Jobless Benefits 'Extender' Bill May Be on Life Support Amid Deficit Concerns

Senate Majority Leader Harry Reid scolded colleagues Monday for twice voting to block the advancement of the so-called "extender" bill of which he is a prime architect -- even as his top lieutenant admitted to reporters that the measure is likely doomed.

"When the Senate refuses to pass good bills, people in our state pay the price," Reid said on the Senate floor. Invoking the image of unemployed Nevadans, Reid added: "Every minute we waste gets worse for them. ... It would serve the Senate well to remember the consequence of decisions that are driven by politics purely."

The bill is called an "extender" because it revives some expired tax cuts for small businesses -- while raising taxes on venture capital firms -- and provides extended payments to unemployed people whose benefits are running out.

Although the House has approved its own version of the bill, and the Senate approved a similar measure back in March, Senate lawmakers -- reflecting increased anxiety on the part of voters about the mushrooming size of the national debt -- are now balking at approving the extender bill.

Twice last week, the measure failed to advance on key procedural votes, with Senate Democrats in both instances joining the Republicans, who were unified in their opposition. The first version that failed last week would have added $78.7 billion to the federal deficit; the second version would have added about $60 billion.

Concern over the federal debt has risen since it hit the $13 trillion mark. A recent Gallup poll showed close to 80 percent of Americans rate the debt as "very serious" or "extremely serious" issue -- a ranking that placed the debt at the top of the issues list, tied with terrorism.

Last week, Sens. Claire McCaskill, D-Mo., and Dianne Feinstein, D-Calif., told reporters the caucus is beginning to think about how to bring an end to the unemployment benefits program, out of concern that the federal government may be creating a "vast new entitlement program."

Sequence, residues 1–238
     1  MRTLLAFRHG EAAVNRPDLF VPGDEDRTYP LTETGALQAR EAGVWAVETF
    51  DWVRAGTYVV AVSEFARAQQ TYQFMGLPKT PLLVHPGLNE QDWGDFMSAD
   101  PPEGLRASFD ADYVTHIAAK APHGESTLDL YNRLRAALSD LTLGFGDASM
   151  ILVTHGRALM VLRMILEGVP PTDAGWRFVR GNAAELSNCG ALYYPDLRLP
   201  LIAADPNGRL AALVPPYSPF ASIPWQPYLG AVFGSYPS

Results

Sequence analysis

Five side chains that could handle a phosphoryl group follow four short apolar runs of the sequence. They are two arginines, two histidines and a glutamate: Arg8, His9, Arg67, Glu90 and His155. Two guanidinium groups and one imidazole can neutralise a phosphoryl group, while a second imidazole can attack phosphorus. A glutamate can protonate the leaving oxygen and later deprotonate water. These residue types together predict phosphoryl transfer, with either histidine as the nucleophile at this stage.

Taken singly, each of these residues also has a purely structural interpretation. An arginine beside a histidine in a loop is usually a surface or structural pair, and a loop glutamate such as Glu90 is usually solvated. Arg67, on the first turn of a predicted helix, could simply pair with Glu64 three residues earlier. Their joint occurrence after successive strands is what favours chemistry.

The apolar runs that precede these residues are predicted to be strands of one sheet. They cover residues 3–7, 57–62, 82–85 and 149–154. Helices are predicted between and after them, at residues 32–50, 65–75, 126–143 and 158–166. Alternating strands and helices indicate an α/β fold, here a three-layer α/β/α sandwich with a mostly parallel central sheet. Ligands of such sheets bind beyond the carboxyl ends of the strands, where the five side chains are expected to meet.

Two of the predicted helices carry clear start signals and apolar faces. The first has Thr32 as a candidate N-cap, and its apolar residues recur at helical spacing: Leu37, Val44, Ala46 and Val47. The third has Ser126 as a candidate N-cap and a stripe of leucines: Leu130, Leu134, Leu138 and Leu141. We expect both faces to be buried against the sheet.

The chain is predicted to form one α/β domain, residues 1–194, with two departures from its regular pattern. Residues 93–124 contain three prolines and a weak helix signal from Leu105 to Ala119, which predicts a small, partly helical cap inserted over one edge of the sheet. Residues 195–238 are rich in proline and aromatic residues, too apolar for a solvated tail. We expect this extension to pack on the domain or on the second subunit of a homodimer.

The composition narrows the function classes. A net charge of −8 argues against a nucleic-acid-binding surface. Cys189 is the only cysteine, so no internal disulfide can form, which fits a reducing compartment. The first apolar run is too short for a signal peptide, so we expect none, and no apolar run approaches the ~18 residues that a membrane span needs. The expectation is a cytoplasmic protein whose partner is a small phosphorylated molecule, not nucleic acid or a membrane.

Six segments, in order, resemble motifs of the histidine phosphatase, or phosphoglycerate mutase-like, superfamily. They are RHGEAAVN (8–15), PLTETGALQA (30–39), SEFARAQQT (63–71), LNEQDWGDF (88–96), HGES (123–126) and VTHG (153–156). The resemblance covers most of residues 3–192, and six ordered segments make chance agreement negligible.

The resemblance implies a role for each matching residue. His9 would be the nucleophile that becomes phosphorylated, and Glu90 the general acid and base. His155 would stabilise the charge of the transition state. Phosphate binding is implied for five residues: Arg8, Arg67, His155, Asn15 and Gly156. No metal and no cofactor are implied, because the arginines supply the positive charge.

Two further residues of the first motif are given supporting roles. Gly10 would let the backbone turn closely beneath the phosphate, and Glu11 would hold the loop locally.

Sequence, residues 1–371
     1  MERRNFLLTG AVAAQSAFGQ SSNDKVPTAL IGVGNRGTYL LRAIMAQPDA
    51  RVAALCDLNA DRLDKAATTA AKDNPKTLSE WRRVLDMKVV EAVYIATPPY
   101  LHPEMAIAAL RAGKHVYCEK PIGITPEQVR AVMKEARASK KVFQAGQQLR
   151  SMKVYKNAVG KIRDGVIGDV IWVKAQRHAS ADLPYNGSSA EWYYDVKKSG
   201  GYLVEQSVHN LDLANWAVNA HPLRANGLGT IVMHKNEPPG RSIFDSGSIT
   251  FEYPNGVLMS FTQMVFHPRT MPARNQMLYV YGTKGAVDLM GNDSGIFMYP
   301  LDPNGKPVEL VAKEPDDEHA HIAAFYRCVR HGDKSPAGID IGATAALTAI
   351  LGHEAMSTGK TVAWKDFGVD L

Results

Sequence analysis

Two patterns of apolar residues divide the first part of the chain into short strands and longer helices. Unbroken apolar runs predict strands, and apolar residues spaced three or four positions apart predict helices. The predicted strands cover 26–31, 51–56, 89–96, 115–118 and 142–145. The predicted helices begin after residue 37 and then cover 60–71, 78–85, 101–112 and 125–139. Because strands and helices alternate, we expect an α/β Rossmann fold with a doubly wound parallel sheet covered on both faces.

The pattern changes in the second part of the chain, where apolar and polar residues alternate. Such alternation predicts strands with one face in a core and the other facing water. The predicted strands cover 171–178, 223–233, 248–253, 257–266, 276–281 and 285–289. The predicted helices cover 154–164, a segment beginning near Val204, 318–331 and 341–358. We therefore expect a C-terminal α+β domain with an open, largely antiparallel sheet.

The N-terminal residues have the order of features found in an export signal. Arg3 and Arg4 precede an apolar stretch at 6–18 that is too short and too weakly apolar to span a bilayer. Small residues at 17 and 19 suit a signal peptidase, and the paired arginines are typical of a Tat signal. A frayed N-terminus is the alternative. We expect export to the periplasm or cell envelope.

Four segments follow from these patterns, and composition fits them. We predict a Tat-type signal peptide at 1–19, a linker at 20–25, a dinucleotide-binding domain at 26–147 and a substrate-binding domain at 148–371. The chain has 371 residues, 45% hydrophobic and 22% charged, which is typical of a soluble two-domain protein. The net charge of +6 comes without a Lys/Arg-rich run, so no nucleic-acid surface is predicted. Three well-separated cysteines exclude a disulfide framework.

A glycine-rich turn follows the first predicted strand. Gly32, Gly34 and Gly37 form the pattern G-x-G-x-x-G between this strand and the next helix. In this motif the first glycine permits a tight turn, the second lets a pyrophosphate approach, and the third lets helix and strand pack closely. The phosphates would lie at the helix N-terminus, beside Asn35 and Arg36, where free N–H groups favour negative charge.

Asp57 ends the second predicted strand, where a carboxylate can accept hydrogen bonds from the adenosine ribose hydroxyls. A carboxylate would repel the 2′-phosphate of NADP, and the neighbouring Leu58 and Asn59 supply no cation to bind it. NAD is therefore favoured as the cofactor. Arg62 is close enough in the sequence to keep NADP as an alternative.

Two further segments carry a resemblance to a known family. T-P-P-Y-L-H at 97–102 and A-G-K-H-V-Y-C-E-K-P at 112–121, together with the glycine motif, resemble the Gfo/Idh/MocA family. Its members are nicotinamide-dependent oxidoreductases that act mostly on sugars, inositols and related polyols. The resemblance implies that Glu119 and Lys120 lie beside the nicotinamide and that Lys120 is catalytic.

The extender bill would not extend the total lifespan of jobless benefits, just fund extensions to recipients of benefits who have not exceeded 99 weeks' worth of aid.

Reid's quarrel is not limited to Republicans. Yet Reid's No. 2 man in the chamber, Sen. Dick Durbin, D-Ill., placed blame for the extender's blockage squarely on the GOP. "At this point, we have no Republican support for extending unemployment compensation. It means that some 80,000 unemployed people in Illinois will be losing their unemployment benefits," Durbin told reporters in Chicago.

Where Reid's floor remarks pointedly omitted any indication of how the Senate Democrats intend to proceed from here, Durbin said flatly of the extender's prospects: "It doesn't look good."

Yet Durbin still sought to make the case for continued deficit spending in a period of tepid economic recovery. "People say 'With this deficit, how can you add to it?' The best way to get out of our deficit is to put people back to work. ... In the medium term -- a matter of a year, two, three years -- we can honestly say we can now move toward long-term structural deficit reduction. And I think that that's an honest answer. It may not be the most popular answer in some quarters."

Durbin's answer was assuredly not popular with the Senate's top Republican, either. "Our good friends on the other side still don't seem to get it," Sen. Mitch McConnell, R-Ky., the minority leader, said on the Senate floor Monday afternoon, in dueling remarks with Reid.

"They're twisting and turning not to cut the debt, but to borrow with as much as they can with the minimum votes to pass this bill. ... We've never seen anything like this. And it threatens not only the livelihoods of our children, it threatens our national security and the very safety net Democrats claim they want to protect."

An aide to Reid told Fox News he is still whittling down the extender's cost, and may even strip it of a provision that would steer $24 billion in federal funding to Medicaid, the medical care program for the poor that is administered jointly by the federal government and the states.

Throughout the extender's tortured history, Reid has also been trying to win the one or two Republican votes he would need in order to surmount a GOP filibuster. These efforts have focused especially on the two members from Maine, Sens. Olympia Snowe and Susan Collins, both "swing" voters who can sometimes be persuaded to join the Democratic majority on critical votes.

To increase public pressure on the lawmakers from the Pine Tree state, the American Federation of State, County, and Municipal Employees (AFSCME) -- one of the nation's largest public-sector labor unions, representing 1.6 million members -- began running a new TV ad in Maine this week.

The ad -- which is set to run on broadcast and cable channels in the area, with a reported purchase of $75,000 in air time -- seeks to address the lawmakers' deficit concerns. "It's pretty simple: the more jobs we create now, the less federal debt they'll have to carry later," AFSCME president Gerald McEntee can be heard saying. "Tell Senators Snowe and Collins to pass the jobs bill now. Not just for us, but for our children."

Fox News was reaching out to the lawmakers' offices for a response to the ad.